How one man started a mission to resettle Syrian refugees
Ed Wethli welcomed a Syrian refugee family into his home and kick-started an international movement.
Thomas Gabriel, a Syrian refugee, considers the events of the past three years nothing short of a miracle.
In 2014 he and his family faced likely death in the Syrian war. Now Gabriel lives peacefully in America with his wife and two boys. It’s not that Gabriel’s life is without fear; he’s been waiting for years for an asylum hearing in the United States and worries that his relatives still in Syria remain in danger. (For these reasons, his real name is not used in this article.) Yet he has a job. The kids are in school. And he and his family have inspired the creation of a new nonprofit that’s helped dozens more refugees from Syria and Somalia.
“God is amazing, and I keep sharing this with many friends here. One of them, he told me ‘God has stopped doing miracles.’ I got mad,” Gabriel says. “Being here with my family is a miracle.”
The nonprofit that Gabriel helped found is Ananias Mission. Ananias is the early Christian convert in Damascus whom God sent to restore sight to Paul (even though Paul—then Saul—was slaying Christians left and right).
“(Ananias) was the blessed tool of God in healing Saul. He changed his life for good,” Gabriel said. “This is what we find ourselves doing nowadays . . . trying to make the difference for people who were persecuted and tortured.”
How it began
Since many in the United States see the war in Syria as extremist Muslims killing Christians, it’s worth noting that a Muslim business colleague helped save Gabriel and his family. This man, hearing of the danger Gabriel faced in Syria, connected him to another business connection in the United States—Ed Wethli, a coffee wholesaler in the Pittsburgh area.
For months in early 2014, Gabriel called Wethli several times a week. Gabriel was working outside Syria, and his wife was in the Syrian capital of Damascus with their two boys. The children were unable to leave the house because of gunfights and explosions in the streets. Gabriel couldn’t return to Syria for fear of being conscripted by one of the warring parties. Gabriel wanted Wethli to help the family be reunited in the United States.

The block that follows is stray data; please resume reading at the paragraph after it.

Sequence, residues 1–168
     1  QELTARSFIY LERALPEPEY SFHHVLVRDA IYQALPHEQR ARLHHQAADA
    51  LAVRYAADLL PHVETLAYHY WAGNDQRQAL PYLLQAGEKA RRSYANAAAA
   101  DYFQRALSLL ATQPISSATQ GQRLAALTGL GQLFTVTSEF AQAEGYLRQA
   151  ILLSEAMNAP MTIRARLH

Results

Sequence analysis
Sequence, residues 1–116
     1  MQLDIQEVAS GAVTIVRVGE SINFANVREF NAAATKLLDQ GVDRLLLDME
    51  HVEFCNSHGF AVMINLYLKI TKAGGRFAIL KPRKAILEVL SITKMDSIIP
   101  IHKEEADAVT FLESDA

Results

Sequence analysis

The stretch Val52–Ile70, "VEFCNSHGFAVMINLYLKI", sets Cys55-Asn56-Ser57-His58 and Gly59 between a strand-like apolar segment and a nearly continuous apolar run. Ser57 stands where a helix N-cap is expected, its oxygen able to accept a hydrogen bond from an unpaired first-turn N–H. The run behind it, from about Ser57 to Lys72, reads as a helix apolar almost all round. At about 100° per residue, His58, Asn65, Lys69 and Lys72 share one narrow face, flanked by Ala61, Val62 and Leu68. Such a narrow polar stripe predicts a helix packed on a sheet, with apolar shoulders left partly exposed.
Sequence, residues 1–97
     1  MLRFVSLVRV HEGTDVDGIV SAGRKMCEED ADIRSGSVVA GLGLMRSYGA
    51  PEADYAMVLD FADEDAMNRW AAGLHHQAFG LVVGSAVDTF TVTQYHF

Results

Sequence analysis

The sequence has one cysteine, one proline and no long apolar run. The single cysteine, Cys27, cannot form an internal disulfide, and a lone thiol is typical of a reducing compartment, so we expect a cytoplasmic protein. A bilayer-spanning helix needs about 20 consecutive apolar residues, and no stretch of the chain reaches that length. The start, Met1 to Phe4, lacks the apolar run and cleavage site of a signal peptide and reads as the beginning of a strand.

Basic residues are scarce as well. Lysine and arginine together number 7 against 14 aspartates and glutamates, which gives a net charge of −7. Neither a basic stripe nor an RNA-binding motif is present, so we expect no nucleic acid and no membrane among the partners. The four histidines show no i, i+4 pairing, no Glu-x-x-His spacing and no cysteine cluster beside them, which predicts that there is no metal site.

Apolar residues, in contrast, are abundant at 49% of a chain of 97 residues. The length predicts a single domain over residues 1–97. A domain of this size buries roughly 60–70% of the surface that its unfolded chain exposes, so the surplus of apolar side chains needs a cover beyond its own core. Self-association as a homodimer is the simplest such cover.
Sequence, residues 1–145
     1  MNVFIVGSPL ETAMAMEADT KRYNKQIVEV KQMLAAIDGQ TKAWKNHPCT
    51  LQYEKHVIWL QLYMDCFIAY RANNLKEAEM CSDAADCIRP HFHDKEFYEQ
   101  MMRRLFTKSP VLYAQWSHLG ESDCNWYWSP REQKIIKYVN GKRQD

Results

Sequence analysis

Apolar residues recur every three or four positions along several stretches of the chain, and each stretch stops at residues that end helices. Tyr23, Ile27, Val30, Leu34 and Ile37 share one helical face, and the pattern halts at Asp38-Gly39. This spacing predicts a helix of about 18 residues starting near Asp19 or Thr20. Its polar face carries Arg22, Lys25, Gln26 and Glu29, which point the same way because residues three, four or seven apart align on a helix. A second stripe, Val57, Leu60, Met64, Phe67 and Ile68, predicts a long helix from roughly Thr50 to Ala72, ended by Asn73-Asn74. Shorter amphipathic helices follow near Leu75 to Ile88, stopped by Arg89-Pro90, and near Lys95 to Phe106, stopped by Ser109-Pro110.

In those phone calls, Wethli asked probing questions about Gabriel’s faith and motivations—he wanted to make sure he could trust this man he’d never met in person. But as the war worsened, just a few days before Christmas, Wethli welcomed the Gabriel family into his home. He helped them settle in, open checking accounts, get phones, and secure medical appointments for the kids to attend school.
Then, Wethli says, “They started sharing these stories about their family in Syria.” Gabriel says his cousin, a judge, was shot in the back and his wife’s cousin was beheaded. Gabriel’s mother was hiding in an apartment hallway to avoid sniper fire at the window.
When Wethli saw the photo of a lifeless 3-year-old boy on a beach, he knew he had to do more than welcome in one Syrian family. The boy, Alan Kurdi, was the picture of innocence. He was lost at sea while trying to escape the Syrian war. Belly down, he lay at the edge of the Mediterranean surf dressed tidily in blue denim shorts, a red T-shirt, and gym shoes with his head of dark brown hair turned toward the ocean. The photo went viral, horrifying people around the world.
Wethli talked to Gabriel about what they could do, and they came up with a plan. Wethli texted 60 friends he thought might be interested in helping and invited them to his house. Twenty showed, several of whom would eventually become the board of directors for Ananias Mission.
Together, the group strategized about how to bring the families to safety. Someone suggested that his niece, Jennifer Allison, a lawyer, could help. Allison knew little about immigration, though she said she could possibly help with fundraising and communications. But she was quickly drawn in. She took a leave of absence from work. A few months later she told her employer she wouldn’t be returning. Today Allison is executive director of Ananias.
Allison says the group originally looked into a way to get Syrian refugees into the United States. “There really wasn’t,” she says. Then Gabriel told them that other Syrians were going to Canada. Canada has a private sponsorship program that allots churches a certain number of spaces for refugees.
Through this program, one church assumes almost all the resettlement expenses and tasks. “You have hundreds of people in these churches who are committing to welcoming the families in,” Allison says. “They have committees for everything. So they’ll have a group of people dedicated to driving the families around. They’ll make sure that the kids get enrolled in school and that they’re progressing well. They’ll have people working to help the adults find job opportunities and to help them with English.”